The Mark of the Most Successful Worship Leaders

The Mark of the Most Successful Worship Leaders
Tim Challies

The most successful worship leaders are the ones who want to hear their congregations sing—to really sing.

I’m convinced what’s happening in so many congregations is that the worship leader chooses songs that are either poorly-suited to congregational singing or beyond the skill of his church. He hears a new song, falls in love with it, and for the best of motives wants to sing it with the people he loves and leads. He practices and masters it, he rehearses it with the band, and it sounds great. But when he brings it to the service on Sunday, it’s well beyond the ability of his people.

Every week a pastor or worship leader chooses the songs his church will sing the following Sunday. Every week he combs through the possibilities to select the five or six that will best fit within the service he is planning. How can he choose well? How can he best serve his congregation in their singing?

I have traveled a fair bit through the first half of this year, and just about everywhere I’ve gone I’ve had the privilege of attending church services. I’ve worshipped with little congregations in isolated places and I’ve worshipped with great big congregations in the heart of major cities. I’ve experienced worship at home and abroad, I’ve sung music accapella and with the accompaniment of top-quality bands, I’ve sung in English and done my best to follow along in foreign languages. And through it all, I have been quietly but deliberately observing. I have been thinking about how we worship best.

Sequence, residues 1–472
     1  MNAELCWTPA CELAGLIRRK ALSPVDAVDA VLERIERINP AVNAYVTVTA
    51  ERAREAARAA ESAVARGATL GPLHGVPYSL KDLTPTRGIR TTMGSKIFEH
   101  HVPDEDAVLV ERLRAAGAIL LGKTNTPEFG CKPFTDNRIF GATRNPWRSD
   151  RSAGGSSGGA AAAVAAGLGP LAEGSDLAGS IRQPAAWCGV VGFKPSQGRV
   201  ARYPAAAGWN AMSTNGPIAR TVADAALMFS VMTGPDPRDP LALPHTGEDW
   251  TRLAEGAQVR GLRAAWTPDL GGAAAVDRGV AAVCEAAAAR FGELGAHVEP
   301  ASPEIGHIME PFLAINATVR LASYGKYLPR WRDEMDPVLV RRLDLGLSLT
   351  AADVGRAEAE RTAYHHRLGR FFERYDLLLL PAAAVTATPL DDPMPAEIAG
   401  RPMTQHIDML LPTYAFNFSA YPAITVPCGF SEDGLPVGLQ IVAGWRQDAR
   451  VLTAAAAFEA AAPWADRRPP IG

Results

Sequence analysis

The service planner faces a few tough challenges. The first is the challenge of choice. The song possibilities are almost endless, and we have tens of thousands available to us. We have hymns that have endured the ages, we have modern worship written to suit our times, we have the trusty old Psalms, and we have a whole lot more besides. The second is the challenge of popularity. Through radio and Internet, Christians have immediate access to the latest and greatest songs and many people want to sing on Sunday what they first hear on Wednesday. Rare is the leader who can withstand the pressure of the CCLI top 100! The third is the challenge of ability. We are not a singing culture. We do not sing in public and rarely sing in private. Most have no sense of how to sing in a group and only the rarest few have any notion of parts and harmonies.

With those challenges in mind, here is my observation: The most successful worship leaders are the ones who want to hear their congregations sing—to really sing. The most successful worship leaders are the ones most attuned to the musical ability of their congregations and the ones most committed to choosing songs their people can sing. They prioritize these factors over a host of others.

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This article may not be written by an Apostolic author, but it contains many excellent principles and concepts that can be adapted to most churches. As the old saying goes, “Eat the meat. Throw away the bones.”